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As preordained by the Fountain-head of Creation, the temple of the world hath been fashioned after the image and likeness of the human body. In fact each mirroreth forth the image of the other, wert thou but to observe with discerning eyes. By this is meant that even as the human body in this world, which is outwardly composed of different limbs and organs, is in reality a closely integrated, coherent entity, similarly the structure of the physical world is like unto a single being whose limbs and members are inseparably linked together. Were one to observe with an eye that discovereth the realities of all things, it would become clear that the greatest relationship that bindeth the world of being together lieth in the range of created things themselves, and that co-operation, mutual aid and reciprocity are essential characteristics in the unified body of the world of being, inasmuch as all created things are closely related together and each is influenced by the other or deriveth benefit therefrom, either directly or indirectly. – Abdu’l-Baha, from a tablet to an individual Baha’i.
Think about that for a moment. Look down at your own body and contemplate what Abdu’l-Baha might have meant when he said “…the structure of the physical world is like unto a single being…”
We tend to think of the physical world as an inanimate object, a big ball of rock and dirt that we walk on. But this new, organic vision of our planet, as an interdependent, reciprocal “world of being,” has enormous implications for how we treat our Earth. If the globe itself is a closely integrated, coherent entity, then it has life. If the Earth is alive, in a meta-physical way, then we have the responsibility to treat her just as we would any other living creature—with respect and kindness.
This new understanding of our planet, sometimes called the Gaia Hypothesis or the biosphere theory, sees the globe as one complex, self-regulating system, which maintains the balanced conditions necessary for life in all its forms by creating ways for every organism to symbiotically interact and mutually benefit. The Gaia hypothesis, named after the ancient Greek goddess of the Earth, was formulated in the early 1970s by the British chemist James Lovelock and the American evolutionary theorist and microbiologist Lynn Margulis.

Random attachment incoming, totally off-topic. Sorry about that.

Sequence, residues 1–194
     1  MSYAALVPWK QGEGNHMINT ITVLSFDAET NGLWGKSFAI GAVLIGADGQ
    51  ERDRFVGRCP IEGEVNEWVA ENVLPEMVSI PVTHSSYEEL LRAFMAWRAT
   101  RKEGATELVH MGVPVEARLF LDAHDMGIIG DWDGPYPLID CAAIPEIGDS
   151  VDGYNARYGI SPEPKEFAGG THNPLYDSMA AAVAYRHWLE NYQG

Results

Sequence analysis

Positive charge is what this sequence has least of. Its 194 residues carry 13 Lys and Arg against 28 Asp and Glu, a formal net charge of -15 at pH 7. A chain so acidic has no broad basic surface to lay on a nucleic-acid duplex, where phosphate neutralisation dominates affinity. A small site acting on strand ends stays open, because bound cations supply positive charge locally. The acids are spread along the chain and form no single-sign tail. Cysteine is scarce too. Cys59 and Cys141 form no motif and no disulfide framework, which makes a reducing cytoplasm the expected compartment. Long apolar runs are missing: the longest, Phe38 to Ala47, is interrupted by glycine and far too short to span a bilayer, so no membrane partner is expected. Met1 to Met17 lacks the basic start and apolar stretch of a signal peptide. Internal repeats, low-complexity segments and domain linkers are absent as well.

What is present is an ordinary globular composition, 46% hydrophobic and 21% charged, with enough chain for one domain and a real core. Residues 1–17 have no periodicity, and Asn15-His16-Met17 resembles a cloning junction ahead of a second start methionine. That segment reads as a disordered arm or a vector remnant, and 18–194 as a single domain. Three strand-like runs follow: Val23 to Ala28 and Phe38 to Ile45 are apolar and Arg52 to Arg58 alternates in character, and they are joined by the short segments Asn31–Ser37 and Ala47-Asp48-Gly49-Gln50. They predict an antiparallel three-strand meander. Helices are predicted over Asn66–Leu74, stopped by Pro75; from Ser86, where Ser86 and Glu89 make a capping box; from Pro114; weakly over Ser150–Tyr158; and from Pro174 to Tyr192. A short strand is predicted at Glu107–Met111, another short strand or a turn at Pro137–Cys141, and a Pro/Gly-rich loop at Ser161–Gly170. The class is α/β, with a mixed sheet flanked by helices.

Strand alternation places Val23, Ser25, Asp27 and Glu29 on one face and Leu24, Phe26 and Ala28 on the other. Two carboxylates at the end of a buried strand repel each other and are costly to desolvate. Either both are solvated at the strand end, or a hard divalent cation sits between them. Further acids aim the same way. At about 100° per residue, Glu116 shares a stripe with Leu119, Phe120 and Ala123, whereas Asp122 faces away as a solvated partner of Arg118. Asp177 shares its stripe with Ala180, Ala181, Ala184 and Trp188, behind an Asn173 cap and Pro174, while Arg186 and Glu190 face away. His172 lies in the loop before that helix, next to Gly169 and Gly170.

But long before that “discovery,” the Baha’i writings—especially one remarkable scientific treatise authored in 1910 by Abdu’l-Baha and sent to the well-known Swiss scientist Auguste-Henri Forel—put forth this advanced concept of a unified, living, ecologically-balanced and interconnected universe:
Now concerning nature, it is but the essential properties and the necessary relations inherent in the realities of things. And though these infinite realities are diverse in their character yet they are in the utmost harmony and closely connected together – Abdu’l-Baha, Tablet to Auguste Forel, p. 20.
Reflect upon the inner realities of the universe, the secret wisdoms involved, the enigmas, the inter-relationships, the rules that govern all. For every part of the universe is connected with every other part by ties that are very powerful and admit of no imbalance, nor any slackening whatever. – Selections from the Writings of Abdu’l-Baha, p, 157.
…the cohesive and attractive forces in all things lead to the appearance of fruitful results and effects, while estrangement and alienation of things lead to disturbance and annihilation. Through affinity and attraction all living things like plants, animals and men come into existence, while division and discord bring about decomposition and destruction. – Ibid., p. 290.
This powerful reality, which has enormously influenced modern ecology and its understanding of the cycle of life, determines the way Baha’is relate to the world and its peoples:
The principles of the oneness of the world of humanity must be proclaimed, understood and put into practice, so that all the nations and religions may again remember the long-forgotten fact – that they are all the progeny of primordial humanity, Adam, and the denizens of one land. Are they not breathing one air? Is not the same sun shining upon all? – Abdu’l-Baha, Divine Philosophy, pp. 177-178.
Not until humanity recognizes its essential oneness, the Baha’i teachings say, can we address and solve our global challenges. The underlying cause of every one those challenges—disunity—can only be cured by unity:
Reflect ye as to other than human forms of life and be ye admonished thereby: those clouds that drift apart cannot produce the bounty of the rain, and are soon lost; a flock of sheep, once scattered, falleth prey to the wolf, and birds that fly alone will be caught fast in the claws of the hawk. What greater demonstration could there be that unity leadeth to flourishing life, while dissension and withdrawing from the others, will lead only to misery; for these are the sure ways to bitter disappointment and ruin.
The holy Manifestations of God were sent down to make visible the oneness of humanity. For this did They endure unnumbered ills and tribulations, that a community from amongst mankind’s divergent peoples could gather within the shadow of the Word of God and live as one, and could, with delight and grace, demonstrate on earth the unity of humankind. – Abdu’l-Baha, Selections from the Writings of Abdu’l-Baha, p. 278.